The Cameo Necklace

Published in 2012; author Evelyn Coleman; illustrator Sergio Giovine


On the way home from a performance she'd attended as reward for doing well in her studies, Cécile is knocked down in the marketplace and loses her aunt Octavia's valuable necklace. A woman who was knocked down with her tells her cryptic warnings about opening her eyes. If the woman is trying to help, she's failed; all she's done is confuse and scare Cécile. 
Back at home, Cécile is wracked with guilt over losing the necklace. Octavia and her son Réne are back in Philadelphia visiting her late husband's family. She didn't take the necklace for fear of losing it...it was the last gift her husband gave her before he died. Cécile didn't ask permission to borrow the necklace, only assumed her aunt would agree it was a special occasion. She's due back in six days, and Cécile is sick thinking of having to confess its loss. 
After church the next day, Cécile goes out with her brother Armand, looking for the necklace under the guise of having lost her gloves. She has no luck, but does get to ride an elephant, which she enjoys before a thunderclap startles the animal, causing it panic. A boy who Cécile remembers from the melee the night before calms the elephant, and disappears before Cécile can ask him about the necklace. The elephant trainer tells Cécile he thinks the boy and sister are maroons, but cautions her not to mention that to anyone else. As they head back home, they're accosting by two slave catchers who think Armand is an escaped slave. Armand is able to produce papers proving he's free, but the encounter leaves the siblings shaken.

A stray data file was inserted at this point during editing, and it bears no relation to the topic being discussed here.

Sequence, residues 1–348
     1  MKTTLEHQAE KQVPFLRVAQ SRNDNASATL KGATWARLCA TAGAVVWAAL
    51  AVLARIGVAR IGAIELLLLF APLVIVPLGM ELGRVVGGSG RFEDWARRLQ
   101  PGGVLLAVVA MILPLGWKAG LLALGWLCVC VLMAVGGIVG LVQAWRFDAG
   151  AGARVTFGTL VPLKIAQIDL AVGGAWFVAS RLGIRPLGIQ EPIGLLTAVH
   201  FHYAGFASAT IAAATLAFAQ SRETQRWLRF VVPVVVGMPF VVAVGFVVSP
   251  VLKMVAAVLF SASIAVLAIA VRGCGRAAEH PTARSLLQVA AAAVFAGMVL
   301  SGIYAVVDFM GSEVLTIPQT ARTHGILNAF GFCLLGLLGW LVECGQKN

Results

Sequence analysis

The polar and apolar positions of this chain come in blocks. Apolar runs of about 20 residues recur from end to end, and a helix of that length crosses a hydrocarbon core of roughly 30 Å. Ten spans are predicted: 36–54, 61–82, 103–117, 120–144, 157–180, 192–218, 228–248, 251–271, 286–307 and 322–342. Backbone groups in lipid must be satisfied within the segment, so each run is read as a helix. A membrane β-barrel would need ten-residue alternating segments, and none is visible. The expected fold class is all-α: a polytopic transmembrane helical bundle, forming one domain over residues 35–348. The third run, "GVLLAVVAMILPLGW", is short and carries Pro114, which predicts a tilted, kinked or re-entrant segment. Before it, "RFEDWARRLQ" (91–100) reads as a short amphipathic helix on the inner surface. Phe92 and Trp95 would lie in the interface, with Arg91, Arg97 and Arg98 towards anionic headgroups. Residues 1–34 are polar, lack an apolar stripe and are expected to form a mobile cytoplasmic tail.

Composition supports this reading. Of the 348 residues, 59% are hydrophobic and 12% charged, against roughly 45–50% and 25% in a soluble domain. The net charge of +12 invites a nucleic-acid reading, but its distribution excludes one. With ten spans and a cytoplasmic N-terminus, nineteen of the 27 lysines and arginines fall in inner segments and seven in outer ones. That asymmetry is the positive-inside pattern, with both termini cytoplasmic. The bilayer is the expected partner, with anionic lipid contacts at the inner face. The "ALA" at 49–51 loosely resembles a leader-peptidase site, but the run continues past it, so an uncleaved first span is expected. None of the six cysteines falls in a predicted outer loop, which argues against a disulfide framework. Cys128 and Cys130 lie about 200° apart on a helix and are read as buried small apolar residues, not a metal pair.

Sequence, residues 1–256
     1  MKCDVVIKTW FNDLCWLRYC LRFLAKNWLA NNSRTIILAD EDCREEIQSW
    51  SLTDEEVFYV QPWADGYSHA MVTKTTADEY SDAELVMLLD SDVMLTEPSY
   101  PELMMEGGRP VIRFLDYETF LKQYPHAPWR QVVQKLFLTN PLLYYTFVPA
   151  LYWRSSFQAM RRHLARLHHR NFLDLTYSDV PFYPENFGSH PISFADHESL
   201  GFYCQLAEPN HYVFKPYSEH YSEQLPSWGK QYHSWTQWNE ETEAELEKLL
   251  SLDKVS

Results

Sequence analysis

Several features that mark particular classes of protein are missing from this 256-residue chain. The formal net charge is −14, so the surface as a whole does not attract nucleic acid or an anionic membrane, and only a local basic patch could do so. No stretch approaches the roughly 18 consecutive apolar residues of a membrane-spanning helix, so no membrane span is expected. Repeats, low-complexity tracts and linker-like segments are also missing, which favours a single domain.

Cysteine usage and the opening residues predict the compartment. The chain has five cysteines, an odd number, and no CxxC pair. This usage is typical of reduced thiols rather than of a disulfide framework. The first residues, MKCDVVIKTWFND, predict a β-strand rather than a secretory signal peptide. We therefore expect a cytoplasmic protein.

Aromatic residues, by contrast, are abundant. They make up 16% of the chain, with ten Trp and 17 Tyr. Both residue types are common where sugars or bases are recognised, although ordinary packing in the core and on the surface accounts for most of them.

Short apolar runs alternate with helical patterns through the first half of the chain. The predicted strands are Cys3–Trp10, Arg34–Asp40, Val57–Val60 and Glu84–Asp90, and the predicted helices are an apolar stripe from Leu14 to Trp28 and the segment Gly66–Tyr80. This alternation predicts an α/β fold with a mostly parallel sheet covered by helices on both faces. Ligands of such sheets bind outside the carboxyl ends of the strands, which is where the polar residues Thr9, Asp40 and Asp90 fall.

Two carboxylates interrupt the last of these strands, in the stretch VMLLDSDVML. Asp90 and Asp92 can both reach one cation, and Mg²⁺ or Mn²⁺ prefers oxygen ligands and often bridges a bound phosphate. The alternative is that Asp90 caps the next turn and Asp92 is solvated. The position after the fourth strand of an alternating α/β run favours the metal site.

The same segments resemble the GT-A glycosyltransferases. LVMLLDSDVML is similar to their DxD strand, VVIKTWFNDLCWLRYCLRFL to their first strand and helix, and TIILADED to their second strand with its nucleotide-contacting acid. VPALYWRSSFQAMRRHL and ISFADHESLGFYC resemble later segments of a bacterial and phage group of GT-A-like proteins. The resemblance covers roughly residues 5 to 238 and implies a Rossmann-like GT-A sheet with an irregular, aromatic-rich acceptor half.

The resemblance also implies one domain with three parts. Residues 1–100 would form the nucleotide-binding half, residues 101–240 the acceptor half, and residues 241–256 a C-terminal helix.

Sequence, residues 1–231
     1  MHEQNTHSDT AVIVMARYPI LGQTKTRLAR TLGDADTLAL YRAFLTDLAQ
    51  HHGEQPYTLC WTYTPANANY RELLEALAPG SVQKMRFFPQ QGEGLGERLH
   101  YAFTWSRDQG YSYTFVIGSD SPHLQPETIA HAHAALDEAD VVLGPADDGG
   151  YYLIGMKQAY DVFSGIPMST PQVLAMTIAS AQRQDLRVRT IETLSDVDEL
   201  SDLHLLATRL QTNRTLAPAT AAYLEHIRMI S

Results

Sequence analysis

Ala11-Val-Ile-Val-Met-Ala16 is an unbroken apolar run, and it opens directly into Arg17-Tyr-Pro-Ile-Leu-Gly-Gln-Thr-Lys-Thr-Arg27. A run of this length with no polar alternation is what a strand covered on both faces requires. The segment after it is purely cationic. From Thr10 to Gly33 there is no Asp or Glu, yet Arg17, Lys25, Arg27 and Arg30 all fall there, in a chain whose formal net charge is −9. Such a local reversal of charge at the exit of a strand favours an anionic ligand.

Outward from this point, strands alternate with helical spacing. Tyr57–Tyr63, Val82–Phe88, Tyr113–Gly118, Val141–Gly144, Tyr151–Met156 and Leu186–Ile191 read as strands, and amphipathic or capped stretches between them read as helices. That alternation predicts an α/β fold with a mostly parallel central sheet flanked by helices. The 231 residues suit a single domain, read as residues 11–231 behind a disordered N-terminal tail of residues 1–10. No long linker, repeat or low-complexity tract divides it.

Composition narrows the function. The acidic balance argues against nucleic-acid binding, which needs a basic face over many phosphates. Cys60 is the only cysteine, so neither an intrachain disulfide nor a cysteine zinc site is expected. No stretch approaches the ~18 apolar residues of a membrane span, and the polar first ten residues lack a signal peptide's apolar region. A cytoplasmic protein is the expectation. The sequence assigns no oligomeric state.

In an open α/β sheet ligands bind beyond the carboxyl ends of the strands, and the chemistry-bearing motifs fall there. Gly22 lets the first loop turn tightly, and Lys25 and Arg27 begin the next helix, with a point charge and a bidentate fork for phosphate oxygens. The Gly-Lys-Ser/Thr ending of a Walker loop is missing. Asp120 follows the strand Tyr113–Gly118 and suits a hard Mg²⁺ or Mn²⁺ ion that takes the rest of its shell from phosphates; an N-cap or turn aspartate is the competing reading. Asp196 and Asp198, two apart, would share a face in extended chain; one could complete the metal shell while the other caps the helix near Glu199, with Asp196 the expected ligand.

Over the next few days, Cécile searches in different places: the market, back at the circus, looking for the people she remembers being with her; but to no avail. She does get the sense that there's something strange about the maroon children, though. They seem to sell a fancy kind of basket, but anyone she sees with the type clam up when she asks where they bought them from. She finds the woman who fell with her, a fortune-teller named Madame Irene, but just ends up more confused. At least Madame Irene tries to reassure Cécile that she'll find the necklace soon. And just then she sees the maroon children. The girl is holding something in her hand, but they both run off when a policeman shows up. Cécile gives chase.

She catches up to them in the forest, and the girl explains that they found the necklace when it fell off during the scuffle, and have been trying to return it, only to have the police come every time. Cécile finally gets it back, and can't thank the children enough. They briefly explain that their mother escaped slavery and they live deep in the swamps with other people, looking out for each other. They leave quickly, as the sun is setting and they want to get home before it's dark. After everyone is asleep, Cécile slips into her aunt's room and returns the necklace to its proper place.